Wouldn't it be nice if the facts fit your wishes? Too bad that they don't.
Microsoft pretty much does sell it's stuff with little resistance. Windows 8 sales are down, but MS has made it clear that they're willing to take a short term hiccup in order to position themselves for the mobile movement. Win 8 on the Desktop is still a pain, but reviews are that it's in league with Android/iOS as a mobile platform purely on its own technical merits. It may well be that the Desktop/Mobile schizm is resolved over time as desktops pick up mobile features, such as touch screens. As an example, my wife's new Dell laptop has a touch screen, light weight, and decent (8 hours) battery life - three things that mobile devices traditionally had over the lap/desk top.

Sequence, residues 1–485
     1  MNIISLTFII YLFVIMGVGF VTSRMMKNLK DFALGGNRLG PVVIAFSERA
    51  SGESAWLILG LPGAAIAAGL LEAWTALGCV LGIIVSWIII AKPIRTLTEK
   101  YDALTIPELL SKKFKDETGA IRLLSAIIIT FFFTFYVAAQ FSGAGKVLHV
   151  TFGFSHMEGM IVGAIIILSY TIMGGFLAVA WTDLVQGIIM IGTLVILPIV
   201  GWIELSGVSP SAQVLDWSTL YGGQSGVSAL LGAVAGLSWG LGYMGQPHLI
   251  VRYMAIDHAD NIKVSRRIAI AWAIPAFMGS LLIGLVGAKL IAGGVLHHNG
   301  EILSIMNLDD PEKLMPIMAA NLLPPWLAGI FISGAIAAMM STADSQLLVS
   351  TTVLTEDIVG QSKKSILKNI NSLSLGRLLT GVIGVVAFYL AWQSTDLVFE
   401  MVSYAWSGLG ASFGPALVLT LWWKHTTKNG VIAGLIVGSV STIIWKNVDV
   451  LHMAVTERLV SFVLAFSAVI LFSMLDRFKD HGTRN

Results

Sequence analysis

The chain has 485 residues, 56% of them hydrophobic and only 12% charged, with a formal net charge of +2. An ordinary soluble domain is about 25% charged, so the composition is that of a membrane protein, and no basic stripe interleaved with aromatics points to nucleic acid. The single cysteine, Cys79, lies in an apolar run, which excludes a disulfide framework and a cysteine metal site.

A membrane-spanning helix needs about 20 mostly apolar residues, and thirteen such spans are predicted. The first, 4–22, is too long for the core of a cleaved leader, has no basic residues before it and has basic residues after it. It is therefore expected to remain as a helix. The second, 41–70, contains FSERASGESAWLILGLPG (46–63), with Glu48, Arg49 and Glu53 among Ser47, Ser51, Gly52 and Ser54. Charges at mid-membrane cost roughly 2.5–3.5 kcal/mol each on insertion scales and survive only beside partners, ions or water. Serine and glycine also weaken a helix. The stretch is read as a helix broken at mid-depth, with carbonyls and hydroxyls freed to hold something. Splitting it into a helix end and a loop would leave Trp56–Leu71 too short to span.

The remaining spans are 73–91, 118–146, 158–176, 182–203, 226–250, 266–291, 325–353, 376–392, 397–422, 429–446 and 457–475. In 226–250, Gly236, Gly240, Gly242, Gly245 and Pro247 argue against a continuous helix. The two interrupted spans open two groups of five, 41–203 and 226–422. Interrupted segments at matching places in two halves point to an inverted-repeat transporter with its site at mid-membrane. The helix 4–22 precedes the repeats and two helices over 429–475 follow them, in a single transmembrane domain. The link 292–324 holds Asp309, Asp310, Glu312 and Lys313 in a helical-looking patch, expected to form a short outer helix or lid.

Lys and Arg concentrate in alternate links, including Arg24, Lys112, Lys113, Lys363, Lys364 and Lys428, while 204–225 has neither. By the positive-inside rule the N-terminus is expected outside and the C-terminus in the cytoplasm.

Since the rule of thumb is "buy the 3rd one" the next update to Windows 8 (which is really a new usability model) will probably be the one that gets traction. They sold XBox at a loss for years before it finally became profitable. If you remember history, it took some time (of significant losses) before MS Word beat out Word Perfect, and for Excel to beat out Lotus 123.
They have a monopoly on Desktop OSs, something they are now using (again) to leverage their way into a new market. (Mobile) And slowly, it's working. Windows 8 phone passed 10% market share in Europe recently. It became #3 in the USA some time ago. And while these milestones seem meager, if they only increase their percentage marginally from year to year, eventually they'll rule the roost as they've done with their Desktop OS. And they have more money than many countries, which buys them a *lot* of a time. That's no guarantee of success, but they are, in no fashion, doomed to fail, regardless of how many "fumbles" you may perceive.
The real question to be answered over the next 2-5 years is whether or not Android can become replace Windows faster than Windows can replace Android.